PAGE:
The third important factor for automation is the actual production facility. The physical dimensions, layout and surrounding processes all play a large role when selecting and configuring machining automation.

  1. Production hall. Especially in existing production halls, the space impacts largely to the automation type and system configuration. If you space is narrow, can you utilize your space vertically? Or if your space is both narrow and has low ceiling, how can your system be configured to maximize lights-out manufacturing capacity? Gladly there are solutions for every need, and you should take advantage of the automation partners design team to utilize your space to the maximum.
  2. Production flow. Consider the day-to-day production flow: how are the raw materials brought into your automation system, and to where will the machined parts move next. Automation is a tool for your team to work more efficiently, safely and ergonomically – therefore you need to ensure the work around it is as effortless as possible. Remember that it is also possible to optimize the flow and utilize space even better by integrating material logistics or other work phases into your automated system.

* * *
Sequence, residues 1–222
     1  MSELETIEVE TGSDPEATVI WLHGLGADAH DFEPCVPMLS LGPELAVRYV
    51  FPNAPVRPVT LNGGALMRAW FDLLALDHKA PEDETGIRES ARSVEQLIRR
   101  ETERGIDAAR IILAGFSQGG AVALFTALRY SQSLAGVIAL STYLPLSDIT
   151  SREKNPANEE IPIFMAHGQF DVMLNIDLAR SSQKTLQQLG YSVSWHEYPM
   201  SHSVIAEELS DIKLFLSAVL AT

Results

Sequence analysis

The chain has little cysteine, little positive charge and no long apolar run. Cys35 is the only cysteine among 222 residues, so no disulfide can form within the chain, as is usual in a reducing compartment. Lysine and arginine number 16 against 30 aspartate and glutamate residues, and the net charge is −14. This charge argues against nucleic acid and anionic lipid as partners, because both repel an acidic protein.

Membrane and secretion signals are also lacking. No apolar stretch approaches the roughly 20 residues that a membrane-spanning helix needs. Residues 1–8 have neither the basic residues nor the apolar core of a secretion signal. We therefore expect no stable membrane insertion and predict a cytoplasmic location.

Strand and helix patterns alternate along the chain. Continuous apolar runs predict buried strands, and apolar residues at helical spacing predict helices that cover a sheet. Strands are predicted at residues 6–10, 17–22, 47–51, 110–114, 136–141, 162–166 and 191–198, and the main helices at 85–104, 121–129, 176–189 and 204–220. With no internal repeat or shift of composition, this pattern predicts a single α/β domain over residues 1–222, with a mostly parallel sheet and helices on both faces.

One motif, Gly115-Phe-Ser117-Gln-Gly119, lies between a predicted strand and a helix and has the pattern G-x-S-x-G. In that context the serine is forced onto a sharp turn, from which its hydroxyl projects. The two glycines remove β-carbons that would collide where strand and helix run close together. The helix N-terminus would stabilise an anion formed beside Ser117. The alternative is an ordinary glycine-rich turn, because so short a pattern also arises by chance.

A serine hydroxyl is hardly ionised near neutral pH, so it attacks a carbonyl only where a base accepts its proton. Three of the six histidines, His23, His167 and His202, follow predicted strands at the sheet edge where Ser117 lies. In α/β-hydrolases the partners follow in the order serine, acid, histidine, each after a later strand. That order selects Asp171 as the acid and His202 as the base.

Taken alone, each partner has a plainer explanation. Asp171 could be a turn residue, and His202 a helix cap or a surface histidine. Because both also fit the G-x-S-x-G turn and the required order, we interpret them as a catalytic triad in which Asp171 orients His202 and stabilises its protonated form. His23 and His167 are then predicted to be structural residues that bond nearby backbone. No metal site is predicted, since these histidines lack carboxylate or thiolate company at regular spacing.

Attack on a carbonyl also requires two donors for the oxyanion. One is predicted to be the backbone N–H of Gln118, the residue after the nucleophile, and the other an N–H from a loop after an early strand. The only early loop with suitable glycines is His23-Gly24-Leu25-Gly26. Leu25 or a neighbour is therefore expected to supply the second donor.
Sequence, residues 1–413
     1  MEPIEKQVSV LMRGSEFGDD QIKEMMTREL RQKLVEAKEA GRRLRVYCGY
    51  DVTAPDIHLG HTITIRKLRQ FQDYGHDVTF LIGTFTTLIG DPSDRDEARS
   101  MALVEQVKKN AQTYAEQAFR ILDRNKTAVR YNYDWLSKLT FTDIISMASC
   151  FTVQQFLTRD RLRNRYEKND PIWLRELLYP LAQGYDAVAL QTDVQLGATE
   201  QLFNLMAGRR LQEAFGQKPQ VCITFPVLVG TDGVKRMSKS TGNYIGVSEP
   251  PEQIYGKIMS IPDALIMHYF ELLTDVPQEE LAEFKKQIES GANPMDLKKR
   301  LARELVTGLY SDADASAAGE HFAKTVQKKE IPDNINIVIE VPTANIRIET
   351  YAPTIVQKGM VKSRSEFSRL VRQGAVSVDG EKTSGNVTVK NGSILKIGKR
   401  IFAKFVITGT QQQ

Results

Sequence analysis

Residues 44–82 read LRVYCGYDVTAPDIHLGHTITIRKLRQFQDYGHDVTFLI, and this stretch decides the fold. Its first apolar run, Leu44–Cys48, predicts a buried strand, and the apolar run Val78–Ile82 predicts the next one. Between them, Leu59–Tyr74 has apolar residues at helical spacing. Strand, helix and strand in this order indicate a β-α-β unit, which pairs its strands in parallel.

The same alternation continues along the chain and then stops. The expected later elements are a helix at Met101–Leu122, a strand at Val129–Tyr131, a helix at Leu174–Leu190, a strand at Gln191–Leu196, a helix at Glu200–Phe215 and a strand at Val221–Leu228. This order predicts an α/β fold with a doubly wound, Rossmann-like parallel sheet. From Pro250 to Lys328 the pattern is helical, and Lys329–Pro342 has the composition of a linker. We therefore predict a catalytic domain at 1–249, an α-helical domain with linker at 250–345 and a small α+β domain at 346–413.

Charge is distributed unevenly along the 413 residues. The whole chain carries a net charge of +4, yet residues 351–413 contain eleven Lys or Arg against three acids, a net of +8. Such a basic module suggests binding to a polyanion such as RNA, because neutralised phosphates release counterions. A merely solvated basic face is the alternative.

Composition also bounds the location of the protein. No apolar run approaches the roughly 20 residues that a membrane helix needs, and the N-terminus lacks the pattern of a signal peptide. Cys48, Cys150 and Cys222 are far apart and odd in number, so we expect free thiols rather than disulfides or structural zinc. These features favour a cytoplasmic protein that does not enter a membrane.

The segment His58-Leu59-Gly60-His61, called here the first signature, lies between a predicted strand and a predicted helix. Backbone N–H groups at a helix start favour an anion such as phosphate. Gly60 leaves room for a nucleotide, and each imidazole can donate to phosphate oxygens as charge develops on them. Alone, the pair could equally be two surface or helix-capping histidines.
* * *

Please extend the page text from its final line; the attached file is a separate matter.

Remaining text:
3. Future extendibility. Based on our experience, 80% of automation systems are extended within a few years after installation because of their positive business impact. If possible, take this scenario into consideration when planning your machine and automation investment in the first place – you don’t want the space being a limiting factor for your growth.

Learn to Automate Milling CNCs in AMB and IMTS 2024!

Joining in AMB in Stuttgart or IMTS in Chicago in September? Join our “How-To-Automate Tuesday” 10 September or reserve your own demo to learn more about this topic and see how flexible automation works in practice!


IMTS: How-To-Automate Tuesday

Our IMTS showcase includes practical tips, learning sessions and demonstrations on how to automate milling machining centers. Join the common sessions or reserve your own demo!


AMB: How-To-Automate Tuesday

In AMB we are advising and demonstrating how to automate milling machining centers. Join the sessions in the booth program or book your own demo!